Coalition forming

I have noticed that the Parliament Channel has variously repeated the seminar held in June on the lessons to be learned from past coalitions in British history.  Three eminent historians spoke about previous coalitions.  I chaired, though as I was originally meant to be a discussant – stepping in to chair at the last moment – I also occasionally added my comments.

One of the points made by the panellists was the importance of personal chemistry.   The leaders of the parties in the coalition usually got on well together.   One difference I noted in respect of the current coalition was that the two leaders also come from very similar backgrounds.  Unlike  leaders in past coalitions, this was not a case of opposites being attracted to one another.  This is just one of several differences with past coalitions.   (To understand coalition formation on this occasion it is as fruitful to look at practice elsewhere as it is to our own history.)  Having two leaders so similar to one another, with apparently very good personal relations, may be a strength, though there are also potential problems.  They need to remain close to their parties as well as to one another.

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About Lord Norton

Professor of Government at Hull University, and Member of the House of Lords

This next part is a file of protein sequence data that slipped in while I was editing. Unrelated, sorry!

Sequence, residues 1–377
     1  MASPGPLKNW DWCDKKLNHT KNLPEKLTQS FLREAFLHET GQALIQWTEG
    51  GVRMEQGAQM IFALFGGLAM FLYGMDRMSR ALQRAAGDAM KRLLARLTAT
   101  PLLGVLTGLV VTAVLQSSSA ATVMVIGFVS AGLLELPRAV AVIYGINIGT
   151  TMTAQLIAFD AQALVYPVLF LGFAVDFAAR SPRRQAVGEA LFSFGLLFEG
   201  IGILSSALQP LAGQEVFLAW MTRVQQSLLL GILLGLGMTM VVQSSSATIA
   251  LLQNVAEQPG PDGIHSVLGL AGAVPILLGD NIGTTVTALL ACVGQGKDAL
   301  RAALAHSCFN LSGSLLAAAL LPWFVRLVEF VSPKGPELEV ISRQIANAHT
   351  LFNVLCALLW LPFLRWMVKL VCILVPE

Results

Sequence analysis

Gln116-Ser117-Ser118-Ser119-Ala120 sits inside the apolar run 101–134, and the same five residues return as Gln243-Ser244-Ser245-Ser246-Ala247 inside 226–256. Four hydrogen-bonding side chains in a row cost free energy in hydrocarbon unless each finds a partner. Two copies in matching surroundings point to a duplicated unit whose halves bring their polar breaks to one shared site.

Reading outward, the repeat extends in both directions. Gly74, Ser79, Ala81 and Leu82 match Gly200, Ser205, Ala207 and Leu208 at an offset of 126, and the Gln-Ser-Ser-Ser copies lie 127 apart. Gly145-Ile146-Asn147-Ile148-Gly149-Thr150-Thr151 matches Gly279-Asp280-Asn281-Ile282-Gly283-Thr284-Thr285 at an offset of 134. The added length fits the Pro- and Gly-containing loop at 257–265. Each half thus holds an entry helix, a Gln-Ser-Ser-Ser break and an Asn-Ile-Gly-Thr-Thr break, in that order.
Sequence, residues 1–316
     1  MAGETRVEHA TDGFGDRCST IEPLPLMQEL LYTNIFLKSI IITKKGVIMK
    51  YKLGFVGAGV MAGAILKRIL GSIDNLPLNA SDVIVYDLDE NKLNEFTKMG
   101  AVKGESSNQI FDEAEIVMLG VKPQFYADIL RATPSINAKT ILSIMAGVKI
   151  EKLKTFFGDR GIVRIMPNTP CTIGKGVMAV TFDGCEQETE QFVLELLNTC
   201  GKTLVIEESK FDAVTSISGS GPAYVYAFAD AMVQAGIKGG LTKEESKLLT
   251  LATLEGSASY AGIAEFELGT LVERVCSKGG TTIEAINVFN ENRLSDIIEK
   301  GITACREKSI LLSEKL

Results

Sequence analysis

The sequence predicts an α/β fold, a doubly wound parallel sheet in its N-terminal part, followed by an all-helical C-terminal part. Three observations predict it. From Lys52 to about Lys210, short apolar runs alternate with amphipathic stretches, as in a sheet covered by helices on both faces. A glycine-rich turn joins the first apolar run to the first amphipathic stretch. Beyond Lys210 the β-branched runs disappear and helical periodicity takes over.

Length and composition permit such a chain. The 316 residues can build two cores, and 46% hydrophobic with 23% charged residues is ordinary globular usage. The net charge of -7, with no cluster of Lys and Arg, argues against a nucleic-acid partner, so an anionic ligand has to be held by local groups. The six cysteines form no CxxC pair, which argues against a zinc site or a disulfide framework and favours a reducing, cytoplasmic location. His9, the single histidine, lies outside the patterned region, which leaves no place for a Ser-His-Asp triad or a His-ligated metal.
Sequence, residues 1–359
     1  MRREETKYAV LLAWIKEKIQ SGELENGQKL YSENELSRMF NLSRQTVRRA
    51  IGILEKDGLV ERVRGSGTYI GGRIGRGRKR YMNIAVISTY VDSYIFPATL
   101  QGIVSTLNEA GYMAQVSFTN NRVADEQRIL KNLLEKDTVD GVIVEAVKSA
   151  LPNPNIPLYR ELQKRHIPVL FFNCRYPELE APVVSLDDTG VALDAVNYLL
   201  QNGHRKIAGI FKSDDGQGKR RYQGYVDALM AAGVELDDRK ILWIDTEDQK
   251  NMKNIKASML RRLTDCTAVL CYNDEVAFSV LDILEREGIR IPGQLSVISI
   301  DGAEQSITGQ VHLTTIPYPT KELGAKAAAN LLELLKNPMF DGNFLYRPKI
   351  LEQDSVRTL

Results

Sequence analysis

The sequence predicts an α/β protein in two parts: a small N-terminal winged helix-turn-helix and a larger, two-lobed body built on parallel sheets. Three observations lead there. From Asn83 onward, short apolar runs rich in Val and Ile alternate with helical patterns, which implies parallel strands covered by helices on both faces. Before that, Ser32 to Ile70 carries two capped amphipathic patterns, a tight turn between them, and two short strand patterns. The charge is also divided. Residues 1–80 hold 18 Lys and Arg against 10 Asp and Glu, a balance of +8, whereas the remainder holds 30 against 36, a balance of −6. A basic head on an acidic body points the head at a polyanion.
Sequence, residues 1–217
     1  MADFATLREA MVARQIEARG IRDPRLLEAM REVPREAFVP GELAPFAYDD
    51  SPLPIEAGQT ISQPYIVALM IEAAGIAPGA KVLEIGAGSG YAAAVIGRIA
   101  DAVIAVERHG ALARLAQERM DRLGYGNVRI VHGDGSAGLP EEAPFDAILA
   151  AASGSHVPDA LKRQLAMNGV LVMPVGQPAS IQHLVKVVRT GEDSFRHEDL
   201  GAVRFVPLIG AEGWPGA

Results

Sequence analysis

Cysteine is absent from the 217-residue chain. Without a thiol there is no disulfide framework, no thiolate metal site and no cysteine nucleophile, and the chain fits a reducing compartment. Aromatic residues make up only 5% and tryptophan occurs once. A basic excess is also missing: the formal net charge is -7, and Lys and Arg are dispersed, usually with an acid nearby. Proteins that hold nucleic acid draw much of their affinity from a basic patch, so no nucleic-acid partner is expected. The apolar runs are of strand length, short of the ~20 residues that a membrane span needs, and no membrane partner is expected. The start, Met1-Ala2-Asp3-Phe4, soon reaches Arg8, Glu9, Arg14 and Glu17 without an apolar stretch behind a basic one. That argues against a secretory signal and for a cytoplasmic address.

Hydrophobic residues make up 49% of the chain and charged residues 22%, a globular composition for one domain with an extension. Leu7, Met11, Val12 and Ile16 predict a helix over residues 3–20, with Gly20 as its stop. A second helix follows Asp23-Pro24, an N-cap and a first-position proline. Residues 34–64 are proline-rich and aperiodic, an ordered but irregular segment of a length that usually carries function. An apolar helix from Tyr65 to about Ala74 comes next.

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7 Responses to Coalition forming

  1. Croft says:

    “One difference I noted in respect of the current coalition was that the two leaders also come from very similar backgrounds.”

    I think that might amount to an understatement! You have to go back to the C19 to find another set of party leaders so almost interchangeable with each other.

    “They need to remain close to their parties as well as to one another.”

    But do they? Part of the calculation for Cam is surely he could use the LDs to ignore his party relying on the fact that after 13yrs they will pretty much stomach anything as long as they are in office. As Major found the poison sets in but only long after those making the calculation and gaining the benefit have gone. Clegg’s party politics is different but the merger of the SDP/Liberals is unfinished, there is still so obviously the ‘labour in all but name’ faction fighting the orange bookers.

  2. Lord Norton says:

    Croft: Many Conservatives are conscious of the fact that the coalition with the Liberal Democrats was not necessary to give the party a majority in the House of Commons, but was desirable in order to deliver an absolute majority. Had Gordon Brown realised immediately he could not form a Government and gone to the Palace, David Cameron would have been summoned and invited to form an administration. A minority Conservative Government, which could not have been defeated solely by the comined votes of Labour and the Liberal Democrats, would have a good chance of governing for some time, possibly a full five sessions. The coalition was not essential to gaining – and maintaining – office.

    • Croft says: